Sticks & Stones…words will never…

“Sticks and stones may break my bones but words will never hurt me.” Remember reciting this clever response to a classmate or family member who said something offensive, hurtful, or upsetting to you; usually about your character or person.  We were taught this would protect us. The saying encourages one to not mind what someone else says, it suggests that a word does not hurt.  The intention of the meaning is admirable and understandable. It’s a reminder to not internalize what every person has to say about you.  The mantra offers a way to retain power and not unintentionally give it to someone else.  However, what happens when after saying it you are still bothered, hurt, upset?

If sticks and stone can break your bones, but words will never hurt you; how can we still feel hurt, pain, discomfort from what someone has said to you.  

The truth is words can hurt.  

Words can leave emotional scars.  Words matter, they are selected carefully from the soul who chooses to use them.  Words are a common and essential source of our communication. Jesus taught through a parable the power of words, “…but what comes out of the mouth, this defiles a man [gr. human being].”

Think how you feel when given a compliment, an accolade, an appreciation. These words evoke emotion.  Same is true when one receives an insult, is teased harassed, or berated. 

When a person is suffering and hears, “ Get over it”, or “You’re not over it yet?” These words are painful. The statements drive nails of judgement and dismissal through a person’s fragile state.  The  person’s experience is disregarded. There are times someone means well for the person, as they want the person to stop hurting.  However, this phrase stabs the other’s heart.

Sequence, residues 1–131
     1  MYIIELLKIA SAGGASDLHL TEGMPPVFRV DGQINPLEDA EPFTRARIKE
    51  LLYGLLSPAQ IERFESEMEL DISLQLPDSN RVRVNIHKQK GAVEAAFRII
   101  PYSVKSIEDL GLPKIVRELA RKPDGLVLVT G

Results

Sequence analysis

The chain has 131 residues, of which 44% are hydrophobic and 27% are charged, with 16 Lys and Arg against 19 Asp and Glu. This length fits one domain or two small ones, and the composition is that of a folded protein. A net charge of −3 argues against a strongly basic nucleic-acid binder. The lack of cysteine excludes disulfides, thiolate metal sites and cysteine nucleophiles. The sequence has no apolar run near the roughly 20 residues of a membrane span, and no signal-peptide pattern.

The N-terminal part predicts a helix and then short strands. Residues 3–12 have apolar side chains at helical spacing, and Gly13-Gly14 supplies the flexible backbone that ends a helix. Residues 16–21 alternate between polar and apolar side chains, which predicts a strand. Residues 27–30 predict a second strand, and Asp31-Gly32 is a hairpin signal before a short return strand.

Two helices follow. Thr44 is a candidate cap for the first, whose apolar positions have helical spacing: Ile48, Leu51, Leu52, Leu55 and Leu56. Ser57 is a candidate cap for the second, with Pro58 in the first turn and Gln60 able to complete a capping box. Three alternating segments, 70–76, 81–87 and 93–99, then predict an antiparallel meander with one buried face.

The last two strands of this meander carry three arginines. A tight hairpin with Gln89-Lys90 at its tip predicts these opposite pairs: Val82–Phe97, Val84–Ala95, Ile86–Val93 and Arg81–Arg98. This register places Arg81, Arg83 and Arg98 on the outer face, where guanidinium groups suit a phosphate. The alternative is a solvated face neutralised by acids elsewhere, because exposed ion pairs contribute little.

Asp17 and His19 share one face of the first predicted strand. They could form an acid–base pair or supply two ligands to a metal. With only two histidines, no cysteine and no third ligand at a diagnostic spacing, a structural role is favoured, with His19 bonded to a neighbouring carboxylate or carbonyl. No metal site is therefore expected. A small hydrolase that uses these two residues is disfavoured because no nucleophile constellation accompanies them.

When you do not know what to say, let them know, “ I see you are still hurting, I don’t know what to say. How can I be here for you? Or what would you like to talk about, I’m listening.” If the the conversation the person engages in leads to being uncomfortable, inform the person, “ Thank you for sharing, I am at a loss for words and think a more prepared person can help you further.  Can I help in looking for the counselor to talk with you?” Offer to go with the person to at least the first appointment (where you can be there before and after the appointment).  

If you are the person who hears, “Get over it.” Or “Why aren’t you over it yet?” Remind yourself the person does not understand your pain or situation.  Ask yourself if it is useful to help the particular person understand your experience.  If you determine it will not be useful, you have the power to not enter this conversation with that individual.  There are professional counselors willing to listen and walk along side you. 

Speak Your Mind


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Gaithersburg, MD 20877
(301) 281-6550

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